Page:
Half of the room is open for the building and flinging, half had tables and chairs for the crafty portion. One table had paper cups, rubber bands, and craft sticks for building mini bird flinging structures.  Each other table was set with four chairs and all of the supplies needed to make the pom-pom birds. 
Here’s what was on the tables:
Four of each: Red and green yarn cut in 1-2 yard pieces  
A cup with googley eyes
A bottle of Tacky Glue
Four pairs of scissors
Four 6” or so pieces of black yarn for eyebrows
Four small strips of orange paper for beaks
Four copies of page one of this pom-pom template
Four half sheets of cardstock
Four golf pencils
For the large scale birds, one table had balloons and markers for pig making and decorating, and the rest of the room was open, with the bricks stacked against the wall. 
Each table of teens was a team, and one team at a time was given the “field” to build and bird bomb their structures.  I had intended for them to rotate, one team building a structure and the next knocking it down, but things moved fast and they were more than happy to destroy what they had just created, so we went with the flow.
The teams that were not building hung out at their tables and made pom-pom birds.  Even the table full of guys that had asked me, upon seeing the craft setup, “Aw, so do we have to make that before we can throw the balls?” got into it to the point of swapping tips on the best sized paper template rings to use to get the right shaped bird. 
We had a great time!  A reporter from the local newspaper came and took video, I had a chance to talk up some future programs, the teens had a chance to shake off some mid-winter cabin fever, and I finally got those Thrasher readers down into the meeting room.
Next time I would…
Pre-cut the pom-pom templates.  Too much variation in sizes made it difficult for some teens to get their birds the right size and shape, and some simple mishaps forced some teens to start over completely.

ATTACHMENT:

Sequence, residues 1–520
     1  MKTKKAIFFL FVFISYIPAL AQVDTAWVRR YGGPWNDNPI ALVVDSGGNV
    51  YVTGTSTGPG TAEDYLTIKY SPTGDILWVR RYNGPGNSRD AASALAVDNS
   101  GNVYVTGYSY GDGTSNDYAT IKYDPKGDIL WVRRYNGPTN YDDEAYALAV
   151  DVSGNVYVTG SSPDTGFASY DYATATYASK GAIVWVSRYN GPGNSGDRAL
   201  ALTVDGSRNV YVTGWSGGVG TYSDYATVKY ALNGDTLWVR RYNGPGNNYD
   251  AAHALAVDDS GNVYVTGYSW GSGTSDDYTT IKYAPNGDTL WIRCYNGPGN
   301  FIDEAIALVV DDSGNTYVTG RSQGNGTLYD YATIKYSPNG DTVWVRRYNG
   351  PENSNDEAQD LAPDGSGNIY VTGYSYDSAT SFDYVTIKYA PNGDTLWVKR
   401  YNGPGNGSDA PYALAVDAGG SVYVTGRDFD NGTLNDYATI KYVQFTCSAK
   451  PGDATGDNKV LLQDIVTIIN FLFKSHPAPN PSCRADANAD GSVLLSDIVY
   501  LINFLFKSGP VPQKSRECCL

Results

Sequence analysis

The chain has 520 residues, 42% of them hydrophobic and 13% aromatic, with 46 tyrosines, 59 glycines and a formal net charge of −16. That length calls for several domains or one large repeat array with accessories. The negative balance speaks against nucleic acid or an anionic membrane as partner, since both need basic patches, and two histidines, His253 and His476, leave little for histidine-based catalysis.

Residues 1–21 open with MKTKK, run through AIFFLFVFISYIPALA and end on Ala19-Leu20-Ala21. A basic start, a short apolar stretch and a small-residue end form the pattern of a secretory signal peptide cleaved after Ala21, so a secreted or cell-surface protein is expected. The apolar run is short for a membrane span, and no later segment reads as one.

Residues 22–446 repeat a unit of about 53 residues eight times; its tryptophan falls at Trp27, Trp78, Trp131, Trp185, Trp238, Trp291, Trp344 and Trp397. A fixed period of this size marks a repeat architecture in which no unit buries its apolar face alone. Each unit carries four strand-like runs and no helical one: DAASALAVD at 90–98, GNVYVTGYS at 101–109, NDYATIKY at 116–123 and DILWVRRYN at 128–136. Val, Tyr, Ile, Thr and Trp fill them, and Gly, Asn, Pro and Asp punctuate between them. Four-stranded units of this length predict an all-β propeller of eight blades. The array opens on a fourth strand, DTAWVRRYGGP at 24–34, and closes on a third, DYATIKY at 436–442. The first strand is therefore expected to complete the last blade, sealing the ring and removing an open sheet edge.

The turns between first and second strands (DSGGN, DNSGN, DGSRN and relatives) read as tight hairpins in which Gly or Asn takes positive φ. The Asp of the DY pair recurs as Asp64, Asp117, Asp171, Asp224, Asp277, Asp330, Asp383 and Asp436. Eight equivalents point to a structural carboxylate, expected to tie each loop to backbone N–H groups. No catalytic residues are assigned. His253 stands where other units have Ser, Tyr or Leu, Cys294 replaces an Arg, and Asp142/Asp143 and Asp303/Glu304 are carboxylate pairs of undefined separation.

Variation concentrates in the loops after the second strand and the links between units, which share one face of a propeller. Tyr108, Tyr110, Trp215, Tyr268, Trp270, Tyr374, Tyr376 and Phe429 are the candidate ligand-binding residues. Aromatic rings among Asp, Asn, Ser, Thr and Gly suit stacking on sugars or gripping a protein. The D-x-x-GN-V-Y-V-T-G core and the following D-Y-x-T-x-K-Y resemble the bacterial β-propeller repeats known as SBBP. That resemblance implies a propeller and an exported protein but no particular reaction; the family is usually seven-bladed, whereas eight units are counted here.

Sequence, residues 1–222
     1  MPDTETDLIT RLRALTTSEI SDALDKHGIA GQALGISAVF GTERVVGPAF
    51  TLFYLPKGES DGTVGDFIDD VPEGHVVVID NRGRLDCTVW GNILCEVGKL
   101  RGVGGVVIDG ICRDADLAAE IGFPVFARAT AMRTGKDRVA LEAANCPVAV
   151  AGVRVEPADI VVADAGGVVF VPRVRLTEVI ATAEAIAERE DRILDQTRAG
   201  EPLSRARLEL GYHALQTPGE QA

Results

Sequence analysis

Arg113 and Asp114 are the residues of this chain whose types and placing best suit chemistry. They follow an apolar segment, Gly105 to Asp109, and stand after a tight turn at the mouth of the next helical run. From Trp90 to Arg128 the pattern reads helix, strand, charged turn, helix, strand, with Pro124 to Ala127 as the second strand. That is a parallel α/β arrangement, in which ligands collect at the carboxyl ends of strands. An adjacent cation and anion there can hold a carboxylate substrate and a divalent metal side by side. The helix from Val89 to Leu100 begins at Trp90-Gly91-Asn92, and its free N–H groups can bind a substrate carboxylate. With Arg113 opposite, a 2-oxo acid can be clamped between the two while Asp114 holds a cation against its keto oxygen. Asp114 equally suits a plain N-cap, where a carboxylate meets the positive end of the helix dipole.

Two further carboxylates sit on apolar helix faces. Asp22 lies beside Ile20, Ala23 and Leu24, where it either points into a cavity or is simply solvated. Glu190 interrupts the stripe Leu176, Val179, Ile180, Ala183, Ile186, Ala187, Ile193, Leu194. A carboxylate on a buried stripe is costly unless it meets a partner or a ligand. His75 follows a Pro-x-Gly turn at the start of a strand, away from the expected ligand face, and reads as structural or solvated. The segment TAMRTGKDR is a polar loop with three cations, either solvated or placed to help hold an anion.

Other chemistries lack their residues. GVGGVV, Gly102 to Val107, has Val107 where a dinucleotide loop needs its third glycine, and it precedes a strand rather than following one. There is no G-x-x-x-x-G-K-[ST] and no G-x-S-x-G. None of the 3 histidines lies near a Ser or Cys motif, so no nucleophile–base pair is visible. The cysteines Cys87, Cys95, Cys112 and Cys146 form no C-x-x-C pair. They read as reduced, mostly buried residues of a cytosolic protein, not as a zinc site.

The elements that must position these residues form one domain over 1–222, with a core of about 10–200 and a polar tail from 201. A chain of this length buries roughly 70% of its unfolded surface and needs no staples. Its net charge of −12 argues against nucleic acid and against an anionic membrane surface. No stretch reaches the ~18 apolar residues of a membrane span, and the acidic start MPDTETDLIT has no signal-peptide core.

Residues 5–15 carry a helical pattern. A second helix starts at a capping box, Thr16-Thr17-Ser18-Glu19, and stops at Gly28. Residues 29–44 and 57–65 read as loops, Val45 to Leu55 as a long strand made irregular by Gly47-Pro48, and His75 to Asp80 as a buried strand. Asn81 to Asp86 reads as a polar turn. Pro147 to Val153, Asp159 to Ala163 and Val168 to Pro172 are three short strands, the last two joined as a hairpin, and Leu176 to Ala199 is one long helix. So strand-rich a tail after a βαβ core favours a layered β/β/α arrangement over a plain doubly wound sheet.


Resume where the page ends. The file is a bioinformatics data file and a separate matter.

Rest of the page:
Adjust the orientation of the towers.  Most teams set it up like the game is played, but it was much more fun, with more dramatic results, when the tower was perpendicular to the throwing area.
Allow myself an extra 15 minutes for cleanup.  The program ran from 3:30-5, but I really needed about 30 minutes to pick everything up and put away before heading for home.
Not stress so much!  Sheesh, youd’ve thought I was staging a Civil War Reenactment.  It was so much fun, and I should have trusted in the teens that they’d carry it through well.
Final observations
I was struck by how much the teens enjoyed playing.  They give us this oh-so-hip face as the walk past the desk, but given the right environment and the permission to let loose, the kids in these kids really shines through.  At one point, I saw those Thrasher guys crawling into and hiding in the boxes — exactly the way my 2 and 4 year old and their friends would have played!  The interest in crafting still surprises me sometimes.  That the guys liked that portion just as much as the girls has me rethinking my future crafty offerings.  I think there is something really appealing about making something tangible and a little bit frivolous that crosses gender lines.  Playing and creating are great examples of the way the Library can nurture the whole person.  We can offer resources to help them succeed in school and excel at their hobbies, but we can also give them a space to let them breathe and be around friends, fiction that takes the away to another place, and opportunities that allow them to smile and relax and get in touch with their fun sides so that they can focus better on the heady task of growing up.
Get in touch with me if you do this program, or one similar to it.  I’d love to hear how it goes for you!
Heather Booth is the (wicked cool) Teen Librarian at Thomas Ford Memorial Library. She is also the author of Serving Teens Through Reader’s Advisory (ALA Editions, 2007).  Heather also started the Teen Programming in Libraries (a collaborative board) on Pinterest. You’ll want to check there for more great teen programming ideas.

Flashback Fridays: Because We Never Really Grow Up

There is a tweener in my house collecting Smurfs.  I wonder what happened to all of mine, I had quite the collection of little blue men.  It turns out, all things old are new again.  Transformers.  Thundercats.  Smurfs.  Strawberry Shortcake.  My Little Pony.  And the other day, there were fluorescent yellow and orange and green clothes on the back to school racks.  Apparently that style is once again a go-go.

Flashback Fridays